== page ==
Another important name in Egyptian comedy is Ismail Yasin, who made his film debut in 1939. His exaggerated physical comedy propelled him to fame, and by the 1950s his name was used in the titles of the films he starred in, such as Ismail Yasin in the Army (1955) or Ismail Yasin in the Wax Museum (1955). Some of his films were outright copies of Abbot and Costello (Haram Alek aka Ismail Yasin Meets Frankenstein (1954)) and he starred in what is arguably the first Egyptian scifi film, A Trip to the Moon Many of Yasin’s works were scripted by his mentor, Abo El Seoud El Ebiary, who was said to have written over 500 films, examples being al-Zawja Raqam 13 aka Wife No. 13 (1962) and Mirati Mudir ‘Am aka My Wife is a General Director (1966),
1963′s A’ilat Zizi (Zizi’s Family) is a standard generic romantic comedy featuring an actress trying to convince a director to get her a role in his film. She doesn’t get the part, but does win his heart. And that would probably be the tagline in America. Fatin Abd al-Wahhab directed, and it starred Suad Husni and Fouad el-Mohandes, who is important because he stars in this film. Also starring in this film is el-Mohandes’s then-wife, Shwikar, and they worked together in many comedic films covering several genres including westerns and gangster films.
By the 1970s, Egyptian cinema was on a decline due to increased government control, and comedic films became one of the few ways to speak out. But that is a tale for another movie review’s infodump. Some of the artists and movie names above you might see spelled different ways thanks to the liberal translation methods of Arabic to English.
Fouad el-Mohandes (فؤاد المهندس aka Fuad al-Muhandis) was born September 7, 1924. After making a name in the theater world, he entered motion pictures in 1954. His most famous role is in Futin Abd Al Wahhab’s Aa’ilat Zizi (Zizi’s Family), then el-Mohandes went on to star in a series of films with his second wife, Shwikar, including Akhtar Ragul Fil Aalam (The Most Dangerous Man In The World), Ard El Nifaq (Land of Hypocrisy), and Sayedaty Al Jamila (My Fair Lady). Yes, that is an Arabic My Fair Lady. By the 1970s, el-Mohandes had returned to supporting roles, and he focused more on the theater. He formed his own troupe in Zamalek called the Fouad El-Mohandes Theater. He died in September 2006 at age 82
Shwikar (شويكار aka Shweikar or Showekar) was born November 24, 1936 and began acting in the Egyptian city of Alexandria before being discovered and working in Cairo. After beginning in dramamtic roles, she eventually moved to more comedic roles and teamed with her second husband Fouad el-Mohandes for a series of films in the 1960s.
El Attaba Gazaz is the beginning of our Batmania! series, where we look at Batman-ish films from around the world. Why is El Attaba Gazaz in this series? Because one of the characters dresses up as a Batman inspired character during a musical number, and there is more Batman costume hijinks later in the film. Sadly, it isn’t a masked hero film, but it is as close as we can get from Egypt. When I first found out about this film, I freaked the heck out trying to find out what its name was, as the name wasn’t apparent. After some prime rib Googling, I figured out the title and ordered a disk off of eBay. It arrived, complete with a bonus greasy thumbprint on the DVD. And the store misspelled my name so badly I did not think it would be humanly possible to get it so wrong. But they also somehow turned part of it into “Imam” so now I am a religious leader in the world of Islam. So expect some random jihads by the end of the week.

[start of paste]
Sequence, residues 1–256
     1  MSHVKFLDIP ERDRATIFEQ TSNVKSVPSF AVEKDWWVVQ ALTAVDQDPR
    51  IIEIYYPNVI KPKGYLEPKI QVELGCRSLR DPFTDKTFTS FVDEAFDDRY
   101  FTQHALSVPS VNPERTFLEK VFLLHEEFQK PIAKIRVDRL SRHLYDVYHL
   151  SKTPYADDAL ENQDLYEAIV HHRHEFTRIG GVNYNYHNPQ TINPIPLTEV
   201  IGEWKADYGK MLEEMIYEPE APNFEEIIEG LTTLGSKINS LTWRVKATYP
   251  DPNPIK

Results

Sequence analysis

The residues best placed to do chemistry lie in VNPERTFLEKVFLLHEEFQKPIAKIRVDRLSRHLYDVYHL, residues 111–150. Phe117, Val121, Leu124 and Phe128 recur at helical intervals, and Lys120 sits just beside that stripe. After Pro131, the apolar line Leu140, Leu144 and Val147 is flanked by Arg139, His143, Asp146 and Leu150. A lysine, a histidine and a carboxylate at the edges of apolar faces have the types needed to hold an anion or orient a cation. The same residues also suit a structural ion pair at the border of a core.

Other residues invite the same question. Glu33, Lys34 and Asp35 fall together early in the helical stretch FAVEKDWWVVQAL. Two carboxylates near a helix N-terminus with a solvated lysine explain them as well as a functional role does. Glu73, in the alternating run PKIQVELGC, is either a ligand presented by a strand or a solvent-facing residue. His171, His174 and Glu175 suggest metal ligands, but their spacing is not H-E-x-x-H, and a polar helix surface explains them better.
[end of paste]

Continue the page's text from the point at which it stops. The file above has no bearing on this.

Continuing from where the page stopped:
El Attaba Gazaz is filled with the standard spy film joke tropes…communication devices in all sorts of random objects, secret doors, disguises, fake deaths, identical strangers, night clubs, hypnosis, goons with hooks for hands, goons with eyepatches, and turncoats. Technically, the film looks ambitious and manages to keep some of its more bigger scope images in the context of musical numbers, giving the film a charming edge. But the boom mike fairly obvious is many scenes. And the cheap Egyptian DVD doesn’t have subtitles, but here at TarsTarkas.NET, we don’t need no stinking subtitles. The character names are guesses based on my limited Arabic speaking ability.
Egyptian films feature songs, in case you were wondering. Like a lot of older foreign films, much action takes place in nightclubs. This can been seen in American films in the 30s-40s, but by the 1950s television had taken over the land and America had become the land of couch potatoes. The potatoization of Egypt and Turkey happened at some time in the 1970s, thus the large amount of nightclubs still in movies in the late 1960s.